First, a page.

And projects already finished this year:
1. Fierce Little Bear
2. VA hospital quilt #1
3. VA hospital quilt #2
4. Charlotte’s Kitty
5. The Old School House
6. Georgia’s graduation quilt
7. Where Are the Birds? (landscape tree quilt)
8. ¡Fiesta!
9. Hands and Hearts
10. Shirt
Projects 11-15 are all shown here.
11. Dan’s Honor Flight Quilt
12. Sonny’s Honor Flight Quilt
13. Heather’s baby quilt
14. VA hospital quilt #3
15. Iowa map quilt, hostess gift for Peru

What’s still on your lists for the year? Do you have holiday deadlines for your projects? 

Mess

Sometimes it’s hard to know where to start. I have lists of things done and lists of things doing and lists of things to do! I have a mess in my studio, the product of having several projects going at the same time. What should I do first? What should I write about first? Perhaps the first quilt I finished this year! Perhaps the one I’m working on right now! Perhaps the one I’ll take up on Monday!

So confusing… But in the interests of some forward movement, I’ll show you some pix of my studio late yesterday.

Now I know, this is not most people’s idea of a mess, but it is for me. That’s one of the reasons I tend to be very linear in my making, with only one or two active projects at a time. I can finish something, CLEAN, and move on to the next thing. With lots of active projects I can’t put things away.

Here is my list, not in priority order:

And here is my “current” project.

I started the center block on Tuesday in a workshop with Toby Lischko. It is a classic New York Beauty, a challenging block to make. But her instruction, tools, and technique made it very easy. I modified the size of the outer background (Moda Grunge in orange) to make it 17″ finish instead of 16″. (Math stuff — I won’t go into the details now but it should set up all the rest of the sizing well.) And I added corners in purple (more math stuff for how I decided the size. Details later.) And I designed the Lone Star-style star point. I need to take it apart and rebuild it so my seam allowances are better, but later I’ll be glad I took the time to do that.

HOWEVER now it’s time to switch gears, so this project, called “Wind River,” will just wait for a few weeks. Instead I have a secret project to do as a wedding present for Son and his bride. Since they get married four weeks from today (HOORAY!!!) I have to get in high gear on that. (And oh yeah, I better make my purse, too!) This is my linearity kicking in. Later I can be messy again. 🙂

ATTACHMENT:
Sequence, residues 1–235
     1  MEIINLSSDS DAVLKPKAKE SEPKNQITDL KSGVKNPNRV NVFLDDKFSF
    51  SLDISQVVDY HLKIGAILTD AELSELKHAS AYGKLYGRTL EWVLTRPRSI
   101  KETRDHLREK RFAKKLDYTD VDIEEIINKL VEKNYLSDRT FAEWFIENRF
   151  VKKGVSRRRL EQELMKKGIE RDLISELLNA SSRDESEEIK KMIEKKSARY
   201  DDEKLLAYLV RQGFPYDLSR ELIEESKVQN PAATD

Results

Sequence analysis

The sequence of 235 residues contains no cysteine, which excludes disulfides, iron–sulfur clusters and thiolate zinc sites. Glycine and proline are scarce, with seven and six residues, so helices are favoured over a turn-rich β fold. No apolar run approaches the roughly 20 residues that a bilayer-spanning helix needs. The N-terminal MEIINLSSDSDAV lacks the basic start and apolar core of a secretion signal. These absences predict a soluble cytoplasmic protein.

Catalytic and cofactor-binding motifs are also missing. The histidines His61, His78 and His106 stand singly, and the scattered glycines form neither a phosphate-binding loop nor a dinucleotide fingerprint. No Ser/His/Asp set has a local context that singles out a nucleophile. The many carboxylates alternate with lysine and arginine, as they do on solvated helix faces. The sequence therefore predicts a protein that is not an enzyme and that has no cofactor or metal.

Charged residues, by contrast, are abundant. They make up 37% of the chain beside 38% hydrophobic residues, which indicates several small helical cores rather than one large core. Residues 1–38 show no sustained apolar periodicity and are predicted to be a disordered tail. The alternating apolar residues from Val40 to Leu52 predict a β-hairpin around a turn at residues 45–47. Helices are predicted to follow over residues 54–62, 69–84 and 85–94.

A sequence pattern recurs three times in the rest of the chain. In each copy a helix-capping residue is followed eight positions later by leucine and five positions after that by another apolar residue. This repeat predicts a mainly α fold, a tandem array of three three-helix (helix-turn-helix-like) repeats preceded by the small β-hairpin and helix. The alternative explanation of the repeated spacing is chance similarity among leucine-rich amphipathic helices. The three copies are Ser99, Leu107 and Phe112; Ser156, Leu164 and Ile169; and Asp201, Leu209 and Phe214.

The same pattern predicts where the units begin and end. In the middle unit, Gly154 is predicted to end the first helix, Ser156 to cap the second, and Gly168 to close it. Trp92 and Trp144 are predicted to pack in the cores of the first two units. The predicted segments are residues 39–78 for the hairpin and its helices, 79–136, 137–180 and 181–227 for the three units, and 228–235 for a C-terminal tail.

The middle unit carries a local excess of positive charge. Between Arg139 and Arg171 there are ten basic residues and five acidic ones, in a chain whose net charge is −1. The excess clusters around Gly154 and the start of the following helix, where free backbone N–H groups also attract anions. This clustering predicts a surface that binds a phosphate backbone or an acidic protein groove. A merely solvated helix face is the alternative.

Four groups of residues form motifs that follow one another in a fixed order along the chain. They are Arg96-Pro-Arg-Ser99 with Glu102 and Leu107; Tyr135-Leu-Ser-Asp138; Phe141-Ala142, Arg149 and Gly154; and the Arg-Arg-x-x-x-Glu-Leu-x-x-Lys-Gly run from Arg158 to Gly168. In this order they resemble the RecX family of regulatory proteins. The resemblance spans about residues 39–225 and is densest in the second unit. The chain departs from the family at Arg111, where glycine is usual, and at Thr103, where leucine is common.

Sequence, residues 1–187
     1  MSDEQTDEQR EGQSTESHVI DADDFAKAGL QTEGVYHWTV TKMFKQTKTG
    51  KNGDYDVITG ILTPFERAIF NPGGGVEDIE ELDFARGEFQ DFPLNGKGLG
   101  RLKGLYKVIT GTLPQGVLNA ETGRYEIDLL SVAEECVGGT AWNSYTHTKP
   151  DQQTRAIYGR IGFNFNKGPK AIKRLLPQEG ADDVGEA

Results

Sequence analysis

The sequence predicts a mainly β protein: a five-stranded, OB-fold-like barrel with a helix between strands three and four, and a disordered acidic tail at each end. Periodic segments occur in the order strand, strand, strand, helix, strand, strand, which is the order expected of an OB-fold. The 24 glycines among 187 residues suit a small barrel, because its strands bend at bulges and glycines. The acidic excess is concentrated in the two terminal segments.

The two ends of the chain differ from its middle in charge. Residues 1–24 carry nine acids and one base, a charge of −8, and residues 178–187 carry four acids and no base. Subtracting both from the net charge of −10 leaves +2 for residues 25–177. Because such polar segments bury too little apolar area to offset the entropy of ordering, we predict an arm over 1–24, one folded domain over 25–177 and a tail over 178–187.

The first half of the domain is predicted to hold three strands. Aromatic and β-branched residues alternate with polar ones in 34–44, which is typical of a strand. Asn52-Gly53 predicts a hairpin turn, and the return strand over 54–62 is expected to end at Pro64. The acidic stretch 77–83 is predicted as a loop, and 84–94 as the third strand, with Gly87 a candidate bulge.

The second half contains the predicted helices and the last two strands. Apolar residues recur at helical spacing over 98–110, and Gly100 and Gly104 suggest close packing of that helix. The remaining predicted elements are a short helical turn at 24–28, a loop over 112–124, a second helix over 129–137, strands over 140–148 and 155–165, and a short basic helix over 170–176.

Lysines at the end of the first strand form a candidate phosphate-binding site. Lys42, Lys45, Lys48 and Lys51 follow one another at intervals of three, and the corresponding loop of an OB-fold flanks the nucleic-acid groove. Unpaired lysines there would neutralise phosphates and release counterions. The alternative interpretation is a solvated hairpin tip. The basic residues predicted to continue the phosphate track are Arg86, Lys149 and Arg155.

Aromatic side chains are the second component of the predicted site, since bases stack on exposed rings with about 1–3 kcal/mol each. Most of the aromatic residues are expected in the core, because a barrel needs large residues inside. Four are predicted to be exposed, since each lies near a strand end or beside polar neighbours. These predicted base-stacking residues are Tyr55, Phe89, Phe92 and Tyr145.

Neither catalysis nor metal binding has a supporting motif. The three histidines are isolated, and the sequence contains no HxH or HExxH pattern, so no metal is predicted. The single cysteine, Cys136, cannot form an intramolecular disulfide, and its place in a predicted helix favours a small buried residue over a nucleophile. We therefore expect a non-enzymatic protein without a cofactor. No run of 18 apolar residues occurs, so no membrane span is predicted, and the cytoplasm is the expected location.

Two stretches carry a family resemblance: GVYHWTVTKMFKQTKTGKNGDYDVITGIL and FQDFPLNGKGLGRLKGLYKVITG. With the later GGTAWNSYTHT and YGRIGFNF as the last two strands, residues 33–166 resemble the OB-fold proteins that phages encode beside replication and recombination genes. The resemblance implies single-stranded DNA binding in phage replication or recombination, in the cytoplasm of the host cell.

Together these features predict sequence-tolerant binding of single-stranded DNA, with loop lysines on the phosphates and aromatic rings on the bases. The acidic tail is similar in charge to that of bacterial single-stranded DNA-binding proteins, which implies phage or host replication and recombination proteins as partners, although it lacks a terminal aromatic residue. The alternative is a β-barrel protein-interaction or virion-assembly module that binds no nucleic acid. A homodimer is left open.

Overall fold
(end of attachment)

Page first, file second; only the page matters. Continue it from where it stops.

Mid-Year Review

It’s a little early for a mid-year review, but I thought it would make an easy way for me to reconnect here. After a ten-day road trip for family celebrations, I’ve lost my habit of reading and posting. (If I’ve missed big milestones in your life or making, feel free to post links in comments so I can catch up with you!)

In fact, it’s not just the last few weeks, but all year I’ve been slack in posting and less present for reading. (Honestly, that’s okay. We all get to be here just as much as works for us, including me.) One of the things that means is that I haven’t shared a lot of the projects I’ve worked on. That makes it harder for me to keep track, too! So I made a list.

Finished:
1. Fierce Little Bear
2. VA hospital quilt
3. VA hospital quilt
4. Charlotte’s Kitty — the only one I’ve shown you completed
5. This Old House
6. Georgia’s graduation quilt
7. Workshop landscape quilt

All but finished:
8. Fiesta! — I’ll get the binding done today

And then there are a number of works in progress, with varying levels of completion:
1. Resist
2. The Green Man
3. Rooster
4. Claddagh Ring
5. Tatters
6. Snowflake concepts

All of my works in progress are part of my “course work” to learn some methods to tell stories with my quilts. Though stories can be told in many ways, all of these projects focus on using words and pictures for that.

There’s been other stuff, too. For instance, early in the year I submitted a couple of designs to magazines to publish as patterns. (They weren’t accepted.) I might do that again; I might not. So I’ve had enough to do. Ultimately, though, I’d like to share a few of the quilts I’ve finished and talk a bit more about process for them. And I want to comment on some of the applique options I’m trying in my art/story quilt work. Now that I’ve broken ice again here (or is it more like clearing the throat?) I can work through some of that.

This is enough for now. I hope you all have a terrific, productive week. Again, please feel free to link some of your cool stuff for me in comments. I’d love to see what you’re working on, too!

Expectations and Other Stuff

Here’s the thing: I almost always expect I can do more than I can actually do. And then when I can’t get it all done, at least not in the time I think I should, I get very frustrated. And whiny, and tired and irritable. It’s not fun for me and it’s likely not much fun for Jim, and it doesn’t make anything better or get it done more quickly or easily. After I had a long grumble and whine yesterday, I decided (and already knew this) that the best solution to my problem is simply to change my expectations.

One way to help that is to take a hiatus on the 100 Day Project. While I still think about my project pretty much every day, and I spend time investigating ideas, looking at books and videos, and mulling options. But my EXPECTATION that I actively, physically work on it daily, and post about it regularly, has become a burden for now. Time to drop that expectation.

You can see where I was on day 31, some time last week. The rooster is in parts that are not fused down. Likely the background will change a bit, and his tail might change slightly, too. I have ideas for how to border and finish it. He won’t go anywhere, so for now he just needs to wait.

Expectations:
* get graduation quilt top finished, quilted, and bound before 5/24
* get Fiesta! quilted and bound for friend’s secret present before mid-June
* finish rooster, time indeterminate
* resume 100 Day Project, picking up with day 32, time indeterminate
* publish blog posts about the other four quilts I’ve already finished this year but haven’t shown you, time indeterminate
* resume work on book project, time indeterminate

While this doesn’t change what is on my list, it does moderate my expectations for when it will get done. Hopefully that will increase my enjoyment and lower my stress, letting me enjoy the chattering wren and mewing catbird outside my kitchen, as well as the other pleasures around me all the time.